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The ShortRead: Sebastian Faulks


The ShortRead of 2 September


Where My Heart Used To Beat

Author: Sebastian Faulks

What's the story: Everyone needs to have read a Sebastian Faulks novel.

Birdsong is superb, a highlight amongst the altogether beautiful 'French Trilogy', which includes The Girl at the Lion d'Or and Charlotte Gray. If you didn't pick up his Bond novel, Devil May Care, you're an utter fool.

So we're doing you a favour by flagging up Where My Heart Used To Beat. Set on a small island off the south coast of France, the story follows Robert Hendricks, an English doctor who has seen the best and the worst the twentieth century had to offer. Confronting the events that made up his life, his search for sanity takes us through the war in Italy in 1944, a passionate love that seems to hold out hope, the great days of idealistic work in the 1960s and finally - unforgettably - back into the trenches of the Western Front.

Turn your phone off, kill your emails, and settle down for a good read.

Release date: 10 September


It must have been forty-eight hours after I’d written my letter of polite refusal to Pereira that I saw the corner of the envelope, still unposted, beneath some junk mail on the hall table. I pulled it out, dropped it in the wastepaper basket, sat down at my desk and began again. ‘Dear Dr Pereira, Thank you for your letter. I should be delighted . . .’

A week later, I heard back from him; and ten days after that I was on the plane.

Flights to Toulon were rare and expensive; I dog-legged via Marseille and a boxy hire car to the tip of the peninsula – what Pereira called the presqu’île, or ‘almost-island’ – to a small area where pleasure boats and water taxis berthed. Here I stood outside a scruffy place with a red awning, the Café des Pins, waiting to be collected.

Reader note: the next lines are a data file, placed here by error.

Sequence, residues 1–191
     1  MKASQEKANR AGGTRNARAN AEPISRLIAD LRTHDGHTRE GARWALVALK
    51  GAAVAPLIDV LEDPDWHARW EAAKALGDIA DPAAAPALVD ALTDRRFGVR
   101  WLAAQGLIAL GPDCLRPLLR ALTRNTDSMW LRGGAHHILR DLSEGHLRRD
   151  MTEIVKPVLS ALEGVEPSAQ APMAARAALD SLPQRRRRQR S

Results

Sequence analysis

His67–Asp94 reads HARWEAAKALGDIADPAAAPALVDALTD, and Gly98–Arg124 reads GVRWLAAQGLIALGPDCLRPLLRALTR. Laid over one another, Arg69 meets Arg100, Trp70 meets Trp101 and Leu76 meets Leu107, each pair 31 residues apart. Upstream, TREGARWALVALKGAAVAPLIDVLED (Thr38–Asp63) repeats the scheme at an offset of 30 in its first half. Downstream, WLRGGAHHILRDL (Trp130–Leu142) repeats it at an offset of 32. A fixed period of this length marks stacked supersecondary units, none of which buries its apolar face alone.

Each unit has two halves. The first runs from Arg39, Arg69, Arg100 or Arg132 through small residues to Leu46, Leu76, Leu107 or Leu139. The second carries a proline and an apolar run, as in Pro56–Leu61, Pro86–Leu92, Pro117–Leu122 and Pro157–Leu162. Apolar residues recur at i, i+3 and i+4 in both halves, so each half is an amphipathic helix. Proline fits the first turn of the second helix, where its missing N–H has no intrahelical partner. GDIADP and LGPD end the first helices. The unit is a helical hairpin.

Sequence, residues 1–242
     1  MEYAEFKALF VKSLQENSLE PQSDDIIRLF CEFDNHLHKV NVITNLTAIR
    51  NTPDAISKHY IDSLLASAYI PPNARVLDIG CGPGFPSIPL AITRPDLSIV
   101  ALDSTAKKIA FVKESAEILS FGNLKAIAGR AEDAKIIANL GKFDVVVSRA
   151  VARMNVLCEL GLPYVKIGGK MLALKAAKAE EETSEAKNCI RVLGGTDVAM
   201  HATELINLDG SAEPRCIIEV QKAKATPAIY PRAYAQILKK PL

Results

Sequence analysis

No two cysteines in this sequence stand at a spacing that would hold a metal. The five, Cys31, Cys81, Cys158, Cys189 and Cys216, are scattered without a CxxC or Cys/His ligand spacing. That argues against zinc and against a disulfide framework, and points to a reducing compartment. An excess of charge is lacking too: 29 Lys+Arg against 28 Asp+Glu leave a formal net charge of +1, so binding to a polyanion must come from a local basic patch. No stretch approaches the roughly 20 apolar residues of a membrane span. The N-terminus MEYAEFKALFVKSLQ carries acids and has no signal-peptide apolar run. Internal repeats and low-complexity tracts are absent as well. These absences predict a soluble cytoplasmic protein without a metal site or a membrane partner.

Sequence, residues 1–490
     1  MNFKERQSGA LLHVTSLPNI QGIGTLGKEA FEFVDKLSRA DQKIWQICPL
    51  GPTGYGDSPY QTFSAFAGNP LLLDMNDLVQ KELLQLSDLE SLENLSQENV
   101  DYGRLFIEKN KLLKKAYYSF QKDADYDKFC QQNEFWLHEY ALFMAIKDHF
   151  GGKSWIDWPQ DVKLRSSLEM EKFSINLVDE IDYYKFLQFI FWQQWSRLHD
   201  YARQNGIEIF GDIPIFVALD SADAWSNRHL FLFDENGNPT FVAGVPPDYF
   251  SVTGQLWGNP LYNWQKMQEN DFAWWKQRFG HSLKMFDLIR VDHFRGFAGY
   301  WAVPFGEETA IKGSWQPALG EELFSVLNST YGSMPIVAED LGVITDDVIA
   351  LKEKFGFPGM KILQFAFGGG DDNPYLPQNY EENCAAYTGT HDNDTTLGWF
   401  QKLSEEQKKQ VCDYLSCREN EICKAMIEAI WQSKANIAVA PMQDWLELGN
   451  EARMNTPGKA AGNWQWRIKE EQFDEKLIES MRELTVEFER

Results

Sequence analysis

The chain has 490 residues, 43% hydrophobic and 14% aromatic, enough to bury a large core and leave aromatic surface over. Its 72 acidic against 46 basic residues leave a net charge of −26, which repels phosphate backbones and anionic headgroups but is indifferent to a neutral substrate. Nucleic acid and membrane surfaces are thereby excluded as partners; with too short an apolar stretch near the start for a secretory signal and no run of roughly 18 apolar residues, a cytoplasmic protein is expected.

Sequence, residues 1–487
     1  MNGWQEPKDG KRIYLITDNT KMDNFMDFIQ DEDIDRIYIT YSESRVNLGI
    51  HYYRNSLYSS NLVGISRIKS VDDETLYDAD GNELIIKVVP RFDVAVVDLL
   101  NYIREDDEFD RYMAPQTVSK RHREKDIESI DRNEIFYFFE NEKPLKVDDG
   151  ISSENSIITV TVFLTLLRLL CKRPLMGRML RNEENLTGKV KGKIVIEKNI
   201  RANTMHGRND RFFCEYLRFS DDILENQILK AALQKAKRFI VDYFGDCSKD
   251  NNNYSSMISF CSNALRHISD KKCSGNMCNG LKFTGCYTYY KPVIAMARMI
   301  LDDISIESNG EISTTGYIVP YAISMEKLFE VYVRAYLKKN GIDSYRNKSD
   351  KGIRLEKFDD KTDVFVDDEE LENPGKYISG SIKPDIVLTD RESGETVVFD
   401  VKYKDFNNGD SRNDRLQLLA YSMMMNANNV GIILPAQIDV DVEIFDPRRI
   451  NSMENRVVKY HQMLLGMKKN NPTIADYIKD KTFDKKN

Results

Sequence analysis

What reckoning with my past had made me change my mind? I conceded now that looking back over my youth in such detail was probably a way of preparing my defences. Recent research showed that your brain came to a decision more quickly than your mind could do so and fired the relevant systems before your plodding ‘judgement’ took the credit. Overlooking the implications for free will, or the illusion of it, I was happy to accept that that had been the case with me.

I was going to meet a man who could open a door on to my past: it made me vulnerable to think a stranger might know more about myself than I did; I needed to make sure my own version of my life was in good order. At the same time, the wretched Annalisa business (such a mess of lust and fear and blocked feeling) had made me admit there were aspects of my character – or behaviour, at least – that not only were self-defeating but also inflicted pain on others. Even in my early sixties, I felt young and vigorous enough to change – to confront whatever I had yet to face; and perhaps a medical man of my father’s generation whose special interest was in memory could be the very one to help.

I was into my second cigarette when an old woman in black stopped and looked me up and down.

Vous êtes Dr Hendricks?’ Her accent was strongly of the Midi.


Venez.’ She gestured me to follow. Despite her bowed legs she moved at speed. We went down a stone jetty, past the public ferry that had tied up for the night, over a gangway and on to a boat with a white canopy. It was big enough for a dozen people, though there were only three of us on it. The third was a man in the wheelhouse, who opened the throttle and began to edge the boat out into the waters of the bay.

My French was good enough to ask how far we were going and how long it would take, but I couldn’t make out the old woman’s answers over the noise of the engine, and it seemed to me she preferred it that way. Eventually, I gave up trying to talk and instead looked back over the churning white wake to the port. Twenty minutes later, the mainland was no longer visible; we had left behind the croissant shape of Porquerolles island as we headed away from the setting sun.

(Images: Flickr/Kate Hiscock; Rex)



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